A very high pitch

Brian J. is not impressed by this gadget:

When we bought Nogglestead, one of the outlets in the corner of the lower level had a Bell Howard Ultrasonic Pest Repeller plugged into it. It was out of the way, so we just left it there. For a very long time. Seven or eight years.

However, we have professional pest control services for bugs and quadrupeds for mice, lizards, and snakes. So about a year ago, when I was plugging or unplugging something from behind the chairs or perhaps doing one of our decennial vacuumings behind the reading chairs, I unplugged it and set it on the bar behind the coffee pot and electric tea kettle.

My own thinking: (1) this device comes from Bell and Howell, an old-line optics operation, and (2) you’d think an old-line optics operation would balk at having its name appear on questionable technology like this.

I doubted that it served its claimed purpose; the only mouse intrusion we’ve had was when one got in from the garage when we stored the cat food underneath the bar sink — right next to the repeller. The mouse didn’t have to cross any cat-patrolled ground for a snack, and I’ve not seen any other evidence of mice in the house since we’ve moved the cat food to a different cabinet. Nor did it keep out the various snakes, frogs, and lizards that the cats used to find (but they haven’t found in a while, which must mean the new cats are lazier than their predecessors, or the reptiles and amphibians are more cagey).

I own a similar device, and have similar questions about its efficacy. On the other hand, its placement makes it a good night-light.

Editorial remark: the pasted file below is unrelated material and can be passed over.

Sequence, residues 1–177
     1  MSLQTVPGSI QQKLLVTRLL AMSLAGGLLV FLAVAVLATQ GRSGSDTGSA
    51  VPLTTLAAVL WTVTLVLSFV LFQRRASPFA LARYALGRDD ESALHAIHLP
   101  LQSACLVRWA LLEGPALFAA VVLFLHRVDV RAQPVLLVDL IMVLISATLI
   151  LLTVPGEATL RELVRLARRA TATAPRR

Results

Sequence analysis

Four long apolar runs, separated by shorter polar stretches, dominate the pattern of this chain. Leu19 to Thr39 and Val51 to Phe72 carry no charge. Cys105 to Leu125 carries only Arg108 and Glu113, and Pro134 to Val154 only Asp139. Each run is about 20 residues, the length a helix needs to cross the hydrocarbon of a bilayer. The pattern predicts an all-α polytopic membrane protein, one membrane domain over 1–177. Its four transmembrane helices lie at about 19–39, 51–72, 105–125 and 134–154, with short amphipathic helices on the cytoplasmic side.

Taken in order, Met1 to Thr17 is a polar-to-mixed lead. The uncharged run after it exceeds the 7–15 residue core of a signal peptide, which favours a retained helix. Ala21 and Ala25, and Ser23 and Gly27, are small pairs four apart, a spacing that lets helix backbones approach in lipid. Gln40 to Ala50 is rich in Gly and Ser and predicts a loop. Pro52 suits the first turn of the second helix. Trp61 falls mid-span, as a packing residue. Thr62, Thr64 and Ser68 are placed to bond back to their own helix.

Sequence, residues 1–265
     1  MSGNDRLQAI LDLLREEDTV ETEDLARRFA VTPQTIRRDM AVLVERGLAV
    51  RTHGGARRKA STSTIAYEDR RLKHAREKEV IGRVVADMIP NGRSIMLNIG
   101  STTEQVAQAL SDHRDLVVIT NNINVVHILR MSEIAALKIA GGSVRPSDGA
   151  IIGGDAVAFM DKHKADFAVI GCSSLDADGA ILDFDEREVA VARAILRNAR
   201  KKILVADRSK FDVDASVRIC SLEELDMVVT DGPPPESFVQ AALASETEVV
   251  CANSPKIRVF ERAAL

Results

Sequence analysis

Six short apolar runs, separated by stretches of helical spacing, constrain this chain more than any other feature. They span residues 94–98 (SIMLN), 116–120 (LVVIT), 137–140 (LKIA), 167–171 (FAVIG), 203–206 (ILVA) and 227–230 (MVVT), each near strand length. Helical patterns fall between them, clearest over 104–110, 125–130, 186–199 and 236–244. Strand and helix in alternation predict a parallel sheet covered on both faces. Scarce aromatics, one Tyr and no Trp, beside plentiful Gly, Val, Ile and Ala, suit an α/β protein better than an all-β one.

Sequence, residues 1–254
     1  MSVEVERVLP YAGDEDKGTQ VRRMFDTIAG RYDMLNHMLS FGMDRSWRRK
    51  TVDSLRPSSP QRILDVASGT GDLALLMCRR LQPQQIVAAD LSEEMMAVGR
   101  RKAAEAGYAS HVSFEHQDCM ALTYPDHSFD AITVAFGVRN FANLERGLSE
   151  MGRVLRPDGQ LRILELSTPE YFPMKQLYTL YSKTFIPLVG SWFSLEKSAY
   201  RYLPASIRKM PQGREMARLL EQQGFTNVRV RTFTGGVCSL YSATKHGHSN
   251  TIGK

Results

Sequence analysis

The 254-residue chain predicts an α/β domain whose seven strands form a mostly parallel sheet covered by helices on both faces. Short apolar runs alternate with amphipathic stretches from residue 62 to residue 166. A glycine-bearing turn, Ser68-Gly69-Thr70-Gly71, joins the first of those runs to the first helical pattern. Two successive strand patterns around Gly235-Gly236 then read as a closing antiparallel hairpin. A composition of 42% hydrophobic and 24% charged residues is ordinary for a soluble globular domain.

2 comments

  1. fillyjonk »

    16 February 2019 · 7:40 am

    I don’t think they work, either. Having a neighbor move in who has roaming cats has done far more to decrease mouse intrusions into my house.

    I think Bell and Howell, like many companies people used to trust, has sold its name to the highest bidder. Some of the cable channels here hawk Bell and Howell branded products that I’m not sure I would trust (Something called the “Tac Light,” for example: a flashlight you can allegedly drive a Humvee over and have it still work).

    Kind of like the Tensor lamp I bought a few years ago, remembering the late-60s model my dad used for years, and the modern version was just terrible and broke in a matter of months.

  2. McGehee »

    16 February 2019 · 1:26 pm

    When looking for a new pocket flashlight I saw the ads for the Tac Light and decided to check out Bell+Howell.

    As a result of what came up in my search, the flashlights I bought carry the name of a much more respected brand of consumer goods.

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